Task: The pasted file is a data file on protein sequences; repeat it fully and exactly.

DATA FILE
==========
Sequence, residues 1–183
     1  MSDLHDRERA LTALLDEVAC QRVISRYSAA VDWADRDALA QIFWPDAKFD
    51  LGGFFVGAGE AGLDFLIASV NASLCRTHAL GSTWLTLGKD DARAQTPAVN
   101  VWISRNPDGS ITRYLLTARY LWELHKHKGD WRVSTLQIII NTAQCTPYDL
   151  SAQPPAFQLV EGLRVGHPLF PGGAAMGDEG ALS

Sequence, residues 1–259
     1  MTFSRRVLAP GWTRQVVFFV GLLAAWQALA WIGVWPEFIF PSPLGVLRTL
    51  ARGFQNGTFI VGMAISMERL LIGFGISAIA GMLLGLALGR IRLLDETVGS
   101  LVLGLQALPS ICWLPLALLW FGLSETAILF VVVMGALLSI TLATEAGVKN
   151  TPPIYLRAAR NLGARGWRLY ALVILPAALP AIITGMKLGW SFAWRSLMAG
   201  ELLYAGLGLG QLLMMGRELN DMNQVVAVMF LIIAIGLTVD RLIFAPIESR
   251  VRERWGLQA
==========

Sequence, residues 1–183
     1  MSDLHDRERA LTALLDEVAC QRVISRYSAA VDWADRDALA QIFWPDAKFD
    51  LGGFFVGAGE AGLDFLIASV NASLCRTHAL GSTWLTLGKD DARAQTPAVN
   101  VWISRNPDGS ITRYLLTARY LWELHKHKGD WRVSTLQIII NTAQCTPYDL
   151  SAQPPAFQLV EGLRVGHPLF PGGAAMGDEG ALS

Sequence, residues 1–259
     1  MTFSRRVLAP GWTRQVVFFV GLLAAWQALA WIGVWPEFIF PSPLGVLRTL
    51  ARGFQNGTFI VGMAISMERL LIGFGISAIA GMLLGLALGR IRLLDETVGS
   101  LVLGLQALPS ICWLPLALLW FGLSETAILF VVVMGALLSI TLATEAGVKN
   151  TPPIYLRAAR NLGARGWRLY ALVILPAALP AIITGMKLGW SFAWRSLMAG
   201  ELLYAGLGLG QLLMMGRELN DMNQVVAVMF LIIAIGLTVD RLIFAPIESR
   251  VRERWGLQA